Moving on, we hung out at the hotel for a little bit, then went to the venue for sound check and concert. We had all kinds of problems tonight. Bad frequencies, trouble hearing, batteries dying, potty breaks (or the need of them), quiet audience, and all kinds of other fun stuff. It was great, though. God delivered again and gave me a voice for the night. I did pretty well at not complaining. It's tough when I'm so tired, but that's the game. I'm fine.

After the concert, they set us up in a smallish room with sliding glass doors, our own "glass case of emotion" for all you Anchorman fans. They filtered people in and out for pics and autographs. It was kinda weird, but kinda fun too.

We got done there and now we're back in the hotel with some pizza, getting ready for bed. We may get a full six hours of sleep tonight! That's money right there. Much better than 3.5. Two more concerts left and then we come home! Outstanding!

Peace, Love, and Chocolate

BRASIL: day 15 - Concert em Sao Paulo (Concert in Saint Paul)

[November 12, 2007] It's been another blessed day that could've been ugly. We got about six hours of sleep then found out we could've gotten seven. Our flight was canceled because of delays so we got moved to a later one. Flying into the domestic Sao Paulo airport is a trip! It's in the middle of a very populated, very busy area of the city. You're flying over so many buildings and highways. It looks like you might tap the wheels on the top of a high-rise hotel or apartment building and, all of a sudden, there's a runway. So freaky, but so cool!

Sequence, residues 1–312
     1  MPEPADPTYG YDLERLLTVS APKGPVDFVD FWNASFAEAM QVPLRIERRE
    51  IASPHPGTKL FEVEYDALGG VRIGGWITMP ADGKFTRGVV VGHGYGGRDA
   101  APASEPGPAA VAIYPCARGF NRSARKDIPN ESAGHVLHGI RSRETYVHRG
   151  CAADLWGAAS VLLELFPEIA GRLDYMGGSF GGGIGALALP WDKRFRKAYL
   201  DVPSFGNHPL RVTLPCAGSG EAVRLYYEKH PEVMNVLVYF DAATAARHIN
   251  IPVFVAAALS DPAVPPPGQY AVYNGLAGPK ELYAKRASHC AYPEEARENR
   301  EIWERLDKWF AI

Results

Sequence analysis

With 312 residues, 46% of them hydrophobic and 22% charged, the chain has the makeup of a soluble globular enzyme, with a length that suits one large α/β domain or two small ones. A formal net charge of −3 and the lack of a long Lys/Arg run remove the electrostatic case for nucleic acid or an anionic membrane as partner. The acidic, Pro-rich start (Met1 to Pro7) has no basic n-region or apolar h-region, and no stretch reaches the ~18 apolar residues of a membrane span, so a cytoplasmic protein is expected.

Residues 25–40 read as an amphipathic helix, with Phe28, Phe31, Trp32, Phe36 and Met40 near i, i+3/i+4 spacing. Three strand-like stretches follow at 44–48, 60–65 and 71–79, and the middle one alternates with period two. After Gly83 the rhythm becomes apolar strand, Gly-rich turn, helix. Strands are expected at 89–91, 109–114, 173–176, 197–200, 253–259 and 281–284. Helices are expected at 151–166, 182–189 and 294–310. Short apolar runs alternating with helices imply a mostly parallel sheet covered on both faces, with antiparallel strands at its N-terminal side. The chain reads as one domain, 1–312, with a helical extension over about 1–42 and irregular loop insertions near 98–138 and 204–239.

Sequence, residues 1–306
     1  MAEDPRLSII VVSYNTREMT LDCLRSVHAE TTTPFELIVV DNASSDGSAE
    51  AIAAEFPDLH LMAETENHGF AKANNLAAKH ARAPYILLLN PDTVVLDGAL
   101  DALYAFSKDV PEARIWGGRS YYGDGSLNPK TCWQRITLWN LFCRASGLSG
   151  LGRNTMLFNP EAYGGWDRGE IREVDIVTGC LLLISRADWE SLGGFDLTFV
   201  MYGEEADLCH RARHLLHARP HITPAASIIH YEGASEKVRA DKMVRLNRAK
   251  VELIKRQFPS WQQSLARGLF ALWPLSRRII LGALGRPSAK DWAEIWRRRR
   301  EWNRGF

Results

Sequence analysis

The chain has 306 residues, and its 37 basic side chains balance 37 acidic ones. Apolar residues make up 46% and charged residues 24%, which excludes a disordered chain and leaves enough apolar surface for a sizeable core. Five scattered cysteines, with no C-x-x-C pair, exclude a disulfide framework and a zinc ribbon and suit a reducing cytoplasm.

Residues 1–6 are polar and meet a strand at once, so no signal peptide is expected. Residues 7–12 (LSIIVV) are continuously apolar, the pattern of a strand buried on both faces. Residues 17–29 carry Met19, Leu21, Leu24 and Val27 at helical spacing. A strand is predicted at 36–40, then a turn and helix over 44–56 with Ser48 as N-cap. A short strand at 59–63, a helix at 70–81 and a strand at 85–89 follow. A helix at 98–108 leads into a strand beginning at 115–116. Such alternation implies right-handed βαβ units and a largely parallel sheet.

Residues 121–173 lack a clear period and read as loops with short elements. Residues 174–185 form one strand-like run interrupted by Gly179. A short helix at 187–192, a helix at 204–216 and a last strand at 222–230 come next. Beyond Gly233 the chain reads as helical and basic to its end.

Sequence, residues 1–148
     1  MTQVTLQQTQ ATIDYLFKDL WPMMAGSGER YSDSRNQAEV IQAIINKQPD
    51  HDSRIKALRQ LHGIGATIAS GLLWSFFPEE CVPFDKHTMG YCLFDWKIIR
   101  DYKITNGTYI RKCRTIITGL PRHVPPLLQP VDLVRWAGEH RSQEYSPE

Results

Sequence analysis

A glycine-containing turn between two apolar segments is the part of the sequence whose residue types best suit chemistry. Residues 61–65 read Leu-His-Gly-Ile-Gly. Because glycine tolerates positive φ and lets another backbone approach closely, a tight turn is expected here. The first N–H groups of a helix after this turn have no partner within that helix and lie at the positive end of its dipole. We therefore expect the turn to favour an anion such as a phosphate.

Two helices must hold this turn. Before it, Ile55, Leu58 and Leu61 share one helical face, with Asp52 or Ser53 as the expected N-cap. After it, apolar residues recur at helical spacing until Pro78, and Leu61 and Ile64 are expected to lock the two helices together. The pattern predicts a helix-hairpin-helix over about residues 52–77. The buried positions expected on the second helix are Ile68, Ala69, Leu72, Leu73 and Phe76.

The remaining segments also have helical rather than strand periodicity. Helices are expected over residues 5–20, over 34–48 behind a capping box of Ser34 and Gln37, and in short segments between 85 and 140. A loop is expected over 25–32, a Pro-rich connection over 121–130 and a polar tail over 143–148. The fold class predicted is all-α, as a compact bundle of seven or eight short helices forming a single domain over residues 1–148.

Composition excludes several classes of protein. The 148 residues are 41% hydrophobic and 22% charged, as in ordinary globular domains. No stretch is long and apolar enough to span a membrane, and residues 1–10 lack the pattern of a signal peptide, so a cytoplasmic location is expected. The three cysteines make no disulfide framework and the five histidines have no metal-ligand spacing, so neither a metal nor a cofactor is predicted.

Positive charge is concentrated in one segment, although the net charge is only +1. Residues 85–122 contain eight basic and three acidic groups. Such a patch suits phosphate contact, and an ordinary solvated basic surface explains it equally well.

We got to Sao Paulo around noon and immediately went to lunch. Simval took us to a vegetarian restaurant in which the owner was advertising the concert. After lunch, and singing a quick line for the owner and the quartet he sings with, we got to rest at the hotel for a few hours. The only problem was that Zac and I didn't know what time to be ready to go, so we were late. It's okay, though. The venue was just around the corner from the hotel. We only had time for a short sound check and then devo. Familia Soul, from Sao Paulo, opened for us, followed by Anderson. They all were fantastic! So was the crowd.

We had a blast during the concert. Afterward, pure chaos! People running up with stuff to sign and then getting mad when we didn't look up from signing to take pictures. That went on for at least a good hour...and a half.

We finished up there and most of us went to bed. Zach and Cory (who is now known as "Marcheens") hung out with some local folk until late. We get to leave a little bit later in the 9:00! Mais um (one more) concert! Curitiba, here we come!

Peace, Love, and Chocolate

BRASIL: day 16 - Ultima Concert em Curitiba (Last Concert in Curitiba)